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Celtics notebook

Jared Sullinger supports higher NBA age limit

DALLAS — Jared Sullinger spent two years at Ohio State before going pro.

The Celtics forward wouldn’t mind if more college players were in school for at least that long before they could be able to make the same move.

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“It would be better for the college game in general,” Sullinger said recently, leading up to Monday night’s 94-89 loss to the Mavericks.

“You’d get to see these guys for two years and they’d become the focal point and you’d see how they develop.”

Sullinger’s thinking is in line with that of new NBA commissioner Adam Silver, who has said it’s his desire to raise the league’s age limit to 20 to keep prospective NBA players in college one year longer.

Silver believes that raising the minimum age would lead to a better NBA, because teams would have more developed players.

“You don’t want to waste a pick on somebody who has to develop,” Sullinger added.

But Sullinger also sees the downside. “It can hinder somebody, the guy that clearly is the best, and then a major injury happens,” he said. “You never want that to happen, but that hurts the most.”

Sullinger is speaking from experience.

“A prime example is my situation where I stayed another year [after his freshman season] and I got hurt that year,” he said. “That is kind of scary, because if you look at it from my perspective, I didn’t know where I was going to go [in the NBA draft]. Before, I was top-5, hands down. I knew where I was going.”

After a stellar freshman season in which he averaged 17.2 points and 10.2 rebounds, Sullinger was indeed tabbed as a likely NBA lottery pick.

“Then when I got hurt, all these questions came about, it kind of messes with your head,” he said. “I was 20. That really messed with my mind and I was really scared, because I didn’t know if I had a future. I didn’t know where I was going to be at. Normally when you’re in college, you know, ‘Next year, I’m coming back to the same team,’ and that was the scary part about it.”

Sullinger was flagged by NBA doctors who raised concerns about his back issues, which ultimately caused him to fall to the 21st pick in the first round of the 2012 draft, where the Celtics selected him.

Sure enough, Sullinger missed half his rookie NBA campaign after having season-ending back surgery.

Celtics coach Brad Stevens spent 13 years at Butler University, the last six as a head coach before he was hired by the Celtics last summer.

“My opinion has always been, either come right out of high school if you think you’re ready – and very, very, very few guys are ready,” Stevens said. “And then if not, maybe a two-year [stint].

“When I was on the other side of the fence in the NCAA, you always wanted to get everybody in a room to discuss it and it sounds like there’s a lot of push towards that right now, which is a really good thing.”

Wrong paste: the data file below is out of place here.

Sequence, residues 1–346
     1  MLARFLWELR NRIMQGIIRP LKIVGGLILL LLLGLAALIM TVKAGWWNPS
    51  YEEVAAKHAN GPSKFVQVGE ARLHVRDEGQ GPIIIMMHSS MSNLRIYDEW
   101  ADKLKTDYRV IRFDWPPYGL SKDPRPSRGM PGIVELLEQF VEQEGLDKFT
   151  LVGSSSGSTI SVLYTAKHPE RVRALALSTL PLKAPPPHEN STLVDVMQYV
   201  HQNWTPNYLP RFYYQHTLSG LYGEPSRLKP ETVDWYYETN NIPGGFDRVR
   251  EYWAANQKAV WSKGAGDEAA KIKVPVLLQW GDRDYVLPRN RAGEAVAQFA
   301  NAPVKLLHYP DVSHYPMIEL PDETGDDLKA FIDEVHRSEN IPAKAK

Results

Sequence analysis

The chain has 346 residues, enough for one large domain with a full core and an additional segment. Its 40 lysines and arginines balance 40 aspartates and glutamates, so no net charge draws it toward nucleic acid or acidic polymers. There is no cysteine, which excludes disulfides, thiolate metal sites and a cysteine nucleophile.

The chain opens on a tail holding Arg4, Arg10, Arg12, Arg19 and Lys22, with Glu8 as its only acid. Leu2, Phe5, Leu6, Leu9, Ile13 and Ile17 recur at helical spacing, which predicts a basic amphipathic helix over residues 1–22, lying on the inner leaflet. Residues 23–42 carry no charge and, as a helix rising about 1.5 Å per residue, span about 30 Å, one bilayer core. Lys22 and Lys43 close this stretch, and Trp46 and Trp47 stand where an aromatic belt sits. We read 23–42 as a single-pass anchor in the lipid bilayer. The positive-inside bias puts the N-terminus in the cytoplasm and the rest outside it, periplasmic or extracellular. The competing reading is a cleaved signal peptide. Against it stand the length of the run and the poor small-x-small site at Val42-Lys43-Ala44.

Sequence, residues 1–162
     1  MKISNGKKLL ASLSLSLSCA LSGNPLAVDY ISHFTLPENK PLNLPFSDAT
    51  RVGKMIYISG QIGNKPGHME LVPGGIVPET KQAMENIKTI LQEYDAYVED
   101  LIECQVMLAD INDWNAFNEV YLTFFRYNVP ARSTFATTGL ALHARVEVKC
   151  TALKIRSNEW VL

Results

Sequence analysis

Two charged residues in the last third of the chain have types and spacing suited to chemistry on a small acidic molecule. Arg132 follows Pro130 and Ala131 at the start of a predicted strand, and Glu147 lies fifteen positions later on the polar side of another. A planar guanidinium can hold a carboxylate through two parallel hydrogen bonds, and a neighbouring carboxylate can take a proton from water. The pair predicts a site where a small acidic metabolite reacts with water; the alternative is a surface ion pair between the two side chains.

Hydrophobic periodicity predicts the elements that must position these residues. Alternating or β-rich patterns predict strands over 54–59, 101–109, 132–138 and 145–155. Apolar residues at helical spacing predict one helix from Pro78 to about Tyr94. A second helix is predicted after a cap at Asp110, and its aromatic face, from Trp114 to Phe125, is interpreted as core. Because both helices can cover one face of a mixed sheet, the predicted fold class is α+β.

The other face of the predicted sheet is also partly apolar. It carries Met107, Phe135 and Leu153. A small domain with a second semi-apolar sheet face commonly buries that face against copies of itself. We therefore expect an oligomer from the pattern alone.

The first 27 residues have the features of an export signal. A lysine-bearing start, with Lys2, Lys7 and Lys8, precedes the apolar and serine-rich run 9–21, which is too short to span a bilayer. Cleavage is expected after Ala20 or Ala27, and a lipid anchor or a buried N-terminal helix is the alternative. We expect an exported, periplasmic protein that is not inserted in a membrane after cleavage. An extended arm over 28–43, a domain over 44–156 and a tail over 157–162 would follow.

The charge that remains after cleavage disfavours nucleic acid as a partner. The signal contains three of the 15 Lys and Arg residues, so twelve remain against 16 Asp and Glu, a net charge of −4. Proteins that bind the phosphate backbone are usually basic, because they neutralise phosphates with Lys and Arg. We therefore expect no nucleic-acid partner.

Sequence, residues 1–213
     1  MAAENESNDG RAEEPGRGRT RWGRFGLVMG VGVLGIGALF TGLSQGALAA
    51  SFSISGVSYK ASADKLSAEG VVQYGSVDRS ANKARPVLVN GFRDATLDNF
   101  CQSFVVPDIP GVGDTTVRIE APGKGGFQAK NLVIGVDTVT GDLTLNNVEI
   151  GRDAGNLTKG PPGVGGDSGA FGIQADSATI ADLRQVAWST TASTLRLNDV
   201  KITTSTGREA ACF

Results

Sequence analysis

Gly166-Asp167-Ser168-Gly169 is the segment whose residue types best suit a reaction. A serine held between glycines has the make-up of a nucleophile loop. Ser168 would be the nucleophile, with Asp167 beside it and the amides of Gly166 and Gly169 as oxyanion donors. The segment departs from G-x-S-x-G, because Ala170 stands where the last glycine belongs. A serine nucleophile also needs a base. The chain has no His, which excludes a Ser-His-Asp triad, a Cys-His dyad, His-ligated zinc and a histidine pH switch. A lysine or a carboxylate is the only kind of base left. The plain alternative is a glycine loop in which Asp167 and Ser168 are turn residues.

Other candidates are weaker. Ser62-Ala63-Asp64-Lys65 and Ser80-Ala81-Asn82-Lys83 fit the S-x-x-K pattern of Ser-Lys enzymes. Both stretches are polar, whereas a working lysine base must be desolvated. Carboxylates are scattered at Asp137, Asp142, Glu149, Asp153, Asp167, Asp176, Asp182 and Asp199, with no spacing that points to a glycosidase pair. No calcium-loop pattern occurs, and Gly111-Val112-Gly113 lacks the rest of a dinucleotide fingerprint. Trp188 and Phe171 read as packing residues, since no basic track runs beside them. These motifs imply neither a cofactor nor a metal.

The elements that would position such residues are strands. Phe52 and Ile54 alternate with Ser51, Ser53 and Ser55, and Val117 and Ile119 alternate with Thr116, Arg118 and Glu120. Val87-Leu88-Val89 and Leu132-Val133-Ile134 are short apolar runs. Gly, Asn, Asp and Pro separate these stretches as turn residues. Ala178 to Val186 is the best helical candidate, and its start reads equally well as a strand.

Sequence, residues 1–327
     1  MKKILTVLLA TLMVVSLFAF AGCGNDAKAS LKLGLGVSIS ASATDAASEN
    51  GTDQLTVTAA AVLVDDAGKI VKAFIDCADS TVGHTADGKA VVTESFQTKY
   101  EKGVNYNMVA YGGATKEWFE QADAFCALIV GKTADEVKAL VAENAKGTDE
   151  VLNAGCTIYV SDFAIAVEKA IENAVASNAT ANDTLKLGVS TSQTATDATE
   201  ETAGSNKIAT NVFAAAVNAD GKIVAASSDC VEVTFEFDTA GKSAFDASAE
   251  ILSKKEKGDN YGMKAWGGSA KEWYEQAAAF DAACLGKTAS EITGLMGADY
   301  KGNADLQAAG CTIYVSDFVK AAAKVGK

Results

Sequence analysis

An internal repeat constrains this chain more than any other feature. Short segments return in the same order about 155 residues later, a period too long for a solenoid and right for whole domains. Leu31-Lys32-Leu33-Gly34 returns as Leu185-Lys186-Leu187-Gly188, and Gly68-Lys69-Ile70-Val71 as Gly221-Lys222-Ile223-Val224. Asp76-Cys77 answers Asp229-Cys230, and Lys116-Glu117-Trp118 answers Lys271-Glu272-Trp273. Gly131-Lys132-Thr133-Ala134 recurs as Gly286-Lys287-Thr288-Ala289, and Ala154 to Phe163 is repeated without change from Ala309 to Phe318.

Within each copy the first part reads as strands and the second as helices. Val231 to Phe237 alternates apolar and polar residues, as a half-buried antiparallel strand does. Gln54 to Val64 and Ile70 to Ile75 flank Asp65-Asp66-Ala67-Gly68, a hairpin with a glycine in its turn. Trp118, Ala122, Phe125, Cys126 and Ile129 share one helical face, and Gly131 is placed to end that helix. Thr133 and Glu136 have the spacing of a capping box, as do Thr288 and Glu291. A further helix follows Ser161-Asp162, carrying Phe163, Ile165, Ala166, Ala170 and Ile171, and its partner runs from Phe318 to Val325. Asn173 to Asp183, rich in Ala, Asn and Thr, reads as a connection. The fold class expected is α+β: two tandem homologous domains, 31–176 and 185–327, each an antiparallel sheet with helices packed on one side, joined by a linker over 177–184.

Carlisle weighs in

Mavericks coach Rick Carlisle was drafted by the Celtics and won a championship with them in 1986. He also believes his former team, currently in rebuilding mode, will turn things around – fast.

“They have a plan they’re executing,” Carlisle said. “They have a vision of what they want to do. They’ve got a great young coach who’s going to be there a long time. Danny [Ainge] has turned that team over once already into a championship team and did it in very short order. They went from being a deep lottery team to winning the title the next year. They’ll get it turned around quickly.

“This year, they’ve got some young guys that I think are long-term core pieces that are getting experience. And then [Rajon] Rondo is still one of the great point guards in the league. He’s a guy you can definitely build around. I don’t know that they need empathy or sympathy. I respect the fact that they made hard decisions. It’s difficult that they have to let guys go that are all-time great players, guys like [Paul] Pierce and [Kevin] Garnett. But they’re on a different path and they’ll certainly get there.”

Rondo struggling

Rondo has struggled to find his touch around the rim since returning to action in January.

In his last seven games entering Monday, he was 21 for 56 (37.5 percent) on shots in the paint, 1 for 9 on shots that were between 5-9 feet from the rim. And in the 25 games he had played this season, Rondo was shooting 54 for 139 (38.8 percent) from the paint.

“As of late, my floaters aren’t there and my touch around the rim isn’t there,” Rondo said Sunday after a 3-for-14 shooting night in a 121-120 overtime loss to the Pelicans.

“But I’ll keep shooting them. I think they’re high percentage shots for me. I’ll continue to be aggressive.”

Celtics assistant Ron Adams, who has worked with Rondo on his shot, recently suggested that Rondo is missing shots around the rim because his knee isn’t fully healthy yet, thus his burst toward the basket isn’t quite there yet.

“I don’t try to make excuses,” Rondo said Friday when asked about Adams’s point. “I wasn’t always explosive. I still had a lot of trick shots around the rim. Just my touch, I’ve just got to continue to work on my touch and my timing.”

Friendship on hold

Sullinger and Chris Johnson have been friends dating to their days in Ohio, but they’ll put their friendship on hold Thursday when their schools meet in the first round of the NCAA Tournament. Sullinger’s Ohio State Buckeyes (25-9) will face Johnson’s Dayton Flyers (23-10) in Buffalo . . . Monday was Ainge’s 55th birthday.

Baxter Holmes can be reached at baxter.holmes@globe.com.
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